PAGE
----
“That’s our question every year because since Covid the festival keeps growing,” laughs Nguyễn. “In 2022, our first year after Covid, we had Green Day and then we were like ‘Oh, what are we going to do next year?’. Then in 2023, we had Muse and Slipknot and the question again was, ‘What are we going to do next year?’. Even though we didn’t have the bigger names this year, in the end, it worked really well. So we’re just going to keep doing what we’re doing.”


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‘We take pride in hosting international talent’

Rock for People is retaining its four-day format and international focus after unveiling Bring Me The Horizon as its first headliner for 2024.

Promoted by Ameba Production, the 40,000-cap Czech Republic festival will return to Park 360 in Hradec Králové from 12-15 June. It expanded from three to four days last year when returning from its pandemic-enforced hiatus.

“Fans come first with us, so when they let us know that they wanted Bring Me The Horizon the most, we did everything we could to make sure they got their wish,” says festival director Michal Thomes. “Booking bands is not a simple thing at all, a lot of circumstances have to come together correctly, such as the band is touring that year, it suits the date and so on. So I am very happy that we managed to do it.”

Three headliners are still to be announced, while other acts confirmed so far include Avril Lavigne, Corey Taylor, Parkway Drive, Pendulum and Keanu Reeves’ band, Dogstar. Four-day tickets start at €156.

“Seeing Dogstar perform with the stellar Keanu Reeves on bass is a dream come true for me,” adds Thomes. “We tried to invite the band back in the 90s, but it didn’t work out and the band was not active for almost 20 years. We are even more happy that it finally happened.”

Founded in 1995, the festival featured in IQ Magazine‘s recent list of ten of Europe’s brightest independent gatherings. Its 2023 line-up starred the likes of Slipknot, Muse, Architects, Machine Gun Kelly, The 1975, Papa Roach, Billy Talent and Nothing But Thieves.

“We take pride in hosting more international talents than local acts, setting us apart from other Czech festivals”

“We take pride in hosting more international talents than local acts, setting us apart from other Czech festivals,” said booker David Nguyen. “Our event emerged as a charitable festival in the quaint town of Český Brod. Its inaugural edition garnered an unexpected attendance of 1,100 visitors, catalysing the journey that lay ahead.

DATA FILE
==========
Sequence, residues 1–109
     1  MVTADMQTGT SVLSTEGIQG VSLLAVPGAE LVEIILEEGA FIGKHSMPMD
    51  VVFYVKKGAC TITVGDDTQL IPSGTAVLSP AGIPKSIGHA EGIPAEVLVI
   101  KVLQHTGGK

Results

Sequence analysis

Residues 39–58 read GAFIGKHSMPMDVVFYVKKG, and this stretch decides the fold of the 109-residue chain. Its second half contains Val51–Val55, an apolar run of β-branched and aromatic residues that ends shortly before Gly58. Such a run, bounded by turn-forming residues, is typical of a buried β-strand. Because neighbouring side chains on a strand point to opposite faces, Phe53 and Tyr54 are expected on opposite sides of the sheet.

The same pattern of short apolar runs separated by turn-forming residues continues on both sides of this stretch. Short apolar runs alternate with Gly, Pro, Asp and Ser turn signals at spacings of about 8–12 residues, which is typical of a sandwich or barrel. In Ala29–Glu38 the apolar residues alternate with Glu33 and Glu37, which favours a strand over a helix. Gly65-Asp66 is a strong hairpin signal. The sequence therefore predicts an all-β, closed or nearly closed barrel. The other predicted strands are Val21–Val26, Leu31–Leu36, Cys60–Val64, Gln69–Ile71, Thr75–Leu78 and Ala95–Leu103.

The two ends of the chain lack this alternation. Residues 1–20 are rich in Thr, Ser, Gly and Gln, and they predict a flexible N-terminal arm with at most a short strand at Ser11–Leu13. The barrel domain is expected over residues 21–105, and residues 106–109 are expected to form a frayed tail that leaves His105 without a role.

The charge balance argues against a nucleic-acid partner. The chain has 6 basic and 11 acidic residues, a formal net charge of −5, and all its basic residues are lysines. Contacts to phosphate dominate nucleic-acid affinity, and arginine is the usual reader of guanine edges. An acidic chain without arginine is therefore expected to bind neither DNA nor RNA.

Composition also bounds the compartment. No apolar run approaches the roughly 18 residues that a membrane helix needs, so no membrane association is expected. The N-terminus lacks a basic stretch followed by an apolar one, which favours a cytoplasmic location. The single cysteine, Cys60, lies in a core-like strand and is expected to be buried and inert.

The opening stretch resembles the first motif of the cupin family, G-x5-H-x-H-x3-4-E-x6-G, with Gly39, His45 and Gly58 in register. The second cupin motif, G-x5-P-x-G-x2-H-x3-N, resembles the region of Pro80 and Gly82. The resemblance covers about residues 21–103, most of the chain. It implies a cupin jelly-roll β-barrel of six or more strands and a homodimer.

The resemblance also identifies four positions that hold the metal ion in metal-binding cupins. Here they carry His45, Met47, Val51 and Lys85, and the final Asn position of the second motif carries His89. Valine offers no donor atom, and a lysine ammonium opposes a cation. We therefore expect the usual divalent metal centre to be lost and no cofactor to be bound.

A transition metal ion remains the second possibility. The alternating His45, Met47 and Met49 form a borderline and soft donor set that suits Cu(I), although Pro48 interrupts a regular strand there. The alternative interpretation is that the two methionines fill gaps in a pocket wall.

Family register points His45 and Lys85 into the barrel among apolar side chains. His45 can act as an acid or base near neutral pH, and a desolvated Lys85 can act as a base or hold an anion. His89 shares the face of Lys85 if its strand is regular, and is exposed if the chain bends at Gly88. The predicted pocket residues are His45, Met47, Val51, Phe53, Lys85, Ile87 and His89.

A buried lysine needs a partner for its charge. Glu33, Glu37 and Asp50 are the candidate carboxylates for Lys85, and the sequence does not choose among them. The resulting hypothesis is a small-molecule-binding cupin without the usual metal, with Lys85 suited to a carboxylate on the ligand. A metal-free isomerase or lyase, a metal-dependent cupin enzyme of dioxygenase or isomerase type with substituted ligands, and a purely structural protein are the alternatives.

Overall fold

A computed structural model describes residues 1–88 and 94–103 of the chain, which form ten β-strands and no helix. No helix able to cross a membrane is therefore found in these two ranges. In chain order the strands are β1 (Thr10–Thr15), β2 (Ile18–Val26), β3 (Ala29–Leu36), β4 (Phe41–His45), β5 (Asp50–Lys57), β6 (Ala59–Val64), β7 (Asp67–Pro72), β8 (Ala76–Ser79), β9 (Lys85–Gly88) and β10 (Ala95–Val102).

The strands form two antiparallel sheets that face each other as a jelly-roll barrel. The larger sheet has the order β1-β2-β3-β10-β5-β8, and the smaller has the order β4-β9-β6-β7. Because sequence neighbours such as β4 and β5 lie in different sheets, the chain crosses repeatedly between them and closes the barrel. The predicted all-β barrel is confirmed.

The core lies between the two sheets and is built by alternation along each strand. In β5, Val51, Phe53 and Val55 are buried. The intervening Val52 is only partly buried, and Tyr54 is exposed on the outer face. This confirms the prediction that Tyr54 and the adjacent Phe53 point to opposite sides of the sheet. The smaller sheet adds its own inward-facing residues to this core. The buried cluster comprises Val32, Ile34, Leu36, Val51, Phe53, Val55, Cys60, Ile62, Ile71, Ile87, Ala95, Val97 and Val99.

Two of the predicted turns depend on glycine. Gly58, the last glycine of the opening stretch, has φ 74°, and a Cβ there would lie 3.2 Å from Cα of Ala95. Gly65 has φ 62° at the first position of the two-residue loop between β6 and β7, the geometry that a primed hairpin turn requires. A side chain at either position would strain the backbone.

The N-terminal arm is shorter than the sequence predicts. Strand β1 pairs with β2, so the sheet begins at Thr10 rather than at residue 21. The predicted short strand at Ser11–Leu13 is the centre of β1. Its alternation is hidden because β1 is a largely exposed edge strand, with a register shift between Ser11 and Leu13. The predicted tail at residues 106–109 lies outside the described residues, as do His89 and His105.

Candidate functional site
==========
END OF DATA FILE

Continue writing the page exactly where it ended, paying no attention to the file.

“The resounding success of this modest beginning propelled Ameba Production to elevate the festival into a full-time pursuit, ultimately establishing it as one of the foremost festivals in the Czech Republic. Notably, the event’s evolution prompted a pivotal relocation to the former military airport in Hradec Králové in 2007, a decision that was driven by its burgeoning popularity.

Nguyen acknowledged the increased complications for independent promoters around rising production costs and “skyrocketing” booking fees, in addition to some artists choosing to work exclusively with multinationals, but also noted the benefits of staying indie.

“Remaining an independent entity offers us the freedom to execute our creative vision without constraints, enabling us to curate a unique and authentic experience for our attendees,” he said.

Ed Sheeran will also perform a standalone show at Park 360 on 27 July next year, staged by Ameba Production in conjunction with FKP Scorpio, as part of the Rock for People Concerts series. Tickets, which will include the Park 360 Fan Zone, located in the immediate vicinity, are priced 1,990-2,990 CZK (€81-122).

“I am very happy that we can organise a concert of such a personality and unique musician as Ed Sheeran. The fact that he has chosen Park 360 for his show in the Czech Republic, which is also home to our Rock for People festival, is a huge honour and a milestone for us,” adds Thomes. “It’s proof for us that we are really pushing ourselves every year and our venue can compete with the world’s great arenas.”